Friday, January 20, 2017

Unpublished Decisions

U.S. v. Lee, 650 F. App'x 948 (6/1/16) (N.M.) (unpub'd) - The 10th finds the district court did not commit plain error by considering the § 3553(a)(2)(A) factors in determining what sentence to impose for a supervised release violation. Those factors---the need for the sentence to reflect the seriousness of the offense, to promote respect for the law and to provide just punishment---are omitted from the factors a district court is supposed to consider in determining a supervised release revocation sentence. See 18 U.S.C. § 3583(e). The 10th notes that several circuits have ruled that consideration of § 3553(a)(2)(A) factors does not automatically render a revocation sentence procedurally unreasonable. but placing undue weight on those factors or treating them as dominant factors may constitute reversible error. Nonetheless, since neither the 10th nor the Supremes have ruled on the matter, even if the court had primarily relied on § 3553(a)(2)A) factors, any error would not be plain, the 10th says. And the 10th doesn't find the language of § 3583(e) clear enough for plain error. The 10th acknowledges the omission of the factors from § 3583(e) must mean something. But § 3583(e) doesn't say the listed factors are the only factors district courts may consider. So maybe the omission just means § 3553(a)(2)(A) factors may not be the predominant factors, the 10th suggests.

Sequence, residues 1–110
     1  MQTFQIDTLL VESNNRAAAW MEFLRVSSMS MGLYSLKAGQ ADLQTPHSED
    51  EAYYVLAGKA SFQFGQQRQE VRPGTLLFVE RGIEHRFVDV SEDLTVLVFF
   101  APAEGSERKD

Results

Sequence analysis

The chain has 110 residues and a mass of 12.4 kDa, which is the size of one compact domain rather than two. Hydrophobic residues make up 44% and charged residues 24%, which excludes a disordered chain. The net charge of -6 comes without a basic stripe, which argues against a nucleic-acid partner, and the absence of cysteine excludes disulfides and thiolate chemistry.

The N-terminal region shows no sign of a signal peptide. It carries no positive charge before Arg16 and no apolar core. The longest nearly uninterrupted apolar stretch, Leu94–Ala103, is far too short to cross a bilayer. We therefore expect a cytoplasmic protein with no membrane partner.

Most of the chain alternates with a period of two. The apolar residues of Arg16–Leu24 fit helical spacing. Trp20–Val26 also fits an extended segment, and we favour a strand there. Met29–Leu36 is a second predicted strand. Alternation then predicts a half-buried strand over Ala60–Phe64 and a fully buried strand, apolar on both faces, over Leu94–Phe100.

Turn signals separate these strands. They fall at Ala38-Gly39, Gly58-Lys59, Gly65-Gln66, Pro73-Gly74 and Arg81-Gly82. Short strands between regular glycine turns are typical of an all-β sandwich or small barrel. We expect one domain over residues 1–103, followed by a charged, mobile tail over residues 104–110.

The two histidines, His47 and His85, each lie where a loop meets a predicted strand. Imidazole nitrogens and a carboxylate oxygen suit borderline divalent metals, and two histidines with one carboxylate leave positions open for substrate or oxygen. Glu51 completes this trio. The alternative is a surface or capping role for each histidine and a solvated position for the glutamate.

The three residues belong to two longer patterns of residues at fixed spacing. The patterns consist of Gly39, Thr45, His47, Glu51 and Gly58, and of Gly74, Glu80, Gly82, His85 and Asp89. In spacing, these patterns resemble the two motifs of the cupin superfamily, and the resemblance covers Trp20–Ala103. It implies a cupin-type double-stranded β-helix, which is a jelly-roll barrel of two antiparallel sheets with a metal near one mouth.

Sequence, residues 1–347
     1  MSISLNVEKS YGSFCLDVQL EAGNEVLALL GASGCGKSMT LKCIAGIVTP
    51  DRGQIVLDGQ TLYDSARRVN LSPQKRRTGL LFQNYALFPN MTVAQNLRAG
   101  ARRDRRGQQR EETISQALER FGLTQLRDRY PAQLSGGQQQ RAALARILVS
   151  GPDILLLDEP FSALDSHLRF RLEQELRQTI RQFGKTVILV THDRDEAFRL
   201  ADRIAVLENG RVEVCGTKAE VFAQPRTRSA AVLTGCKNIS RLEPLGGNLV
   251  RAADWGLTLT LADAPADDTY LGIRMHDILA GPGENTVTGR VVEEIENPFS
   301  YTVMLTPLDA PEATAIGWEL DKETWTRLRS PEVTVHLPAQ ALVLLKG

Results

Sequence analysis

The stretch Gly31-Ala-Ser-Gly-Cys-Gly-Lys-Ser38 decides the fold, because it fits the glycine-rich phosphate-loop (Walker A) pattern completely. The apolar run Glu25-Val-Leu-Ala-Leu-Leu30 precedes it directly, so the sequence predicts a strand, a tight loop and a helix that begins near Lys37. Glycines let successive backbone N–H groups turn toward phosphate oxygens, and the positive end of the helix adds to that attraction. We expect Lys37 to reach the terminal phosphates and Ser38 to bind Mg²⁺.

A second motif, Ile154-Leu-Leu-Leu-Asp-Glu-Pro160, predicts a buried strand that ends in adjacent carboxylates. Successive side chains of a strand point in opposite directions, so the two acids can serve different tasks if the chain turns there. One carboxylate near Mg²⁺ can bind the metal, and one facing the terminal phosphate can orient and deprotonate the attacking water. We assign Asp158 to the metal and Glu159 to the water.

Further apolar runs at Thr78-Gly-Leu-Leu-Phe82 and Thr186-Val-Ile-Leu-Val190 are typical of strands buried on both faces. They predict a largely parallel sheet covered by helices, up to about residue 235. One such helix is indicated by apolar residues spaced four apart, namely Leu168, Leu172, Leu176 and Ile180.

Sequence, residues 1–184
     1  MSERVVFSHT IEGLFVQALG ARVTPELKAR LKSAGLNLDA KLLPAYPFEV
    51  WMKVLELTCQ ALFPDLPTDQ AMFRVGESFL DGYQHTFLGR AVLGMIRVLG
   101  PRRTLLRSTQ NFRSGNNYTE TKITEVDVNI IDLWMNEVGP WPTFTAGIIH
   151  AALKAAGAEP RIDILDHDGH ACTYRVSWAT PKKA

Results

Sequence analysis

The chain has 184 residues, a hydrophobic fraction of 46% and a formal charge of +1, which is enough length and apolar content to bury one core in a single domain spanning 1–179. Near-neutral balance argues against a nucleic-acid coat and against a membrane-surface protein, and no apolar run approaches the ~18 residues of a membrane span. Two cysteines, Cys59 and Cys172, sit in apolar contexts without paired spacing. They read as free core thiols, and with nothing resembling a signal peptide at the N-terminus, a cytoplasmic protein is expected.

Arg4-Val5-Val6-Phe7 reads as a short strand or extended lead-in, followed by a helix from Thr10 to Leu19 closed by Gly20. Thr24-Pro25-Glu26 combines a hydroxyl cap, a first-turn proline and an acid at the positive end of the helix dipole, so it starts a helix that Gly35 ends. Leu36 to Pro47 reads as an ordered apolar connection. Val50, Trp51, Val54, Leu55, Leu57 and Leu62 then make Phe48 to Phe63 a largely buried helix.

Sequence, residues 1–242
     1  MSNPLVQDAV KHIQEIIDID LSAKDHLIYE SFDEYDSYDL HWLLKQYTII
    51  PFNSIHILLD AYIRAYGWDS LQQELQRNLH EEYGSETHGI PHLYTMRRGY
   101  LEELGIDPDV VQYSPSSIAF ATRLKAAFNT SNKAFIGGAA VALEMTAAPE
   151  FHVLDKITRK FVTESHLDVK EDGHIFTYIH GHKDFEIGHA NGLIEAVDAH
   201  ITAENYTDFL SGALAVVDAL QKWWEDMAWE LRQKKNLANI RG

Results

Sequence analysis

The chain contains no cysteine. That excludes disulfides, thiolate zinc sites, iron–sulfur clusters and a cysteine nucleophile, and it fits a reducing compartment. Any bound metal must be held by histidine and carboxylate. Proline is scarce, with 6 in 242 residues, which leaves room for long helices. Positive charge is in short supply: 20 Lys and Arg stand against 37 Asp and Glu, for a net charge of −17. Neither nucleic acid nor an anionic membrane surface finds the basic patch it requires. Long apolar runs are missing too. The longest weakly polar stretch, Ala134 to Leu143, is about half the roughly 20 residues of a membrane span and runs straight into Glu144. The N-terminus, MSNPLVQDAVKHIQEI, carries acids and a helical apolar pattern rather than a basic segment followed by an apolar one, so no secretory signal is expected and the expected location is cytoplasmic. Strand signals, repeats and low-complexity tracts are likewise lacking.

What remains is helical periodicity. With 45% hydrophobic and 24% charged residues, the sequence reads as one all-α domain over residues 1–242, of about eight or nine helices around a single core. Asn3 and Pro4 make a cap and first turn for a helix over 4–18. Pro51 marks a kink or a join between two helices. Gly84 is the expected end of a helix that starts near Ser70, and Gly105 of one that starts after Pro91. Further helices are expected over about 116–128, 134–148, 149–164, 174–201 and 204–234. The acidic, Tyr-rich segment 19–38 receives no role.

Wright v. Collison, 2016 WL 3212489 (6/2/16) (Okl.) (unpub'd) - Some good news for a § 1983 inmate-plaintiff. The 10th affirms the district court's refusal to award qualified immunity to two jail officers. Inmates who were in a particular cell warned the officers that if they put Mr. Wright in their cell they would hurt Mr. Wright. The officers asked the inmates to give them 5 minutes to find another cell for Mr. Wright. One of the inmates responded that 5 minutes wouldn't work. Nonetheless, the officers put Mr. Wright in the cell. Less than a minute later the officers heard a commotion and found Mr. Wright on the floor with an injured face. It is clearly established that prison authorities have a constitutional obligation to protect a prisoner who has been plausibly threatened with serious harm by other inmates. A jury could believe the threat was plausible and the officers reckless for putting Mr. Wright in the cell, the 10th concludes.
Mr. Wright's suit against the sheriff did not fare so well. While the sheriff was aware the jail was overcrowded, inmate-on-inmate violence at the jail was rare and did not increase appreciably with overcrowding. It was not clearly established, the 10th rules, that a sheriff was constitutionally obliged to reduce overcrowding by any of the measures Mr. Wright suggested, e.g., asking other counties to take prisoners, releasing inmates early, reducing their bonds or using ankle monitor bracelets instead of jail. So the sheriff gets qualified immunity.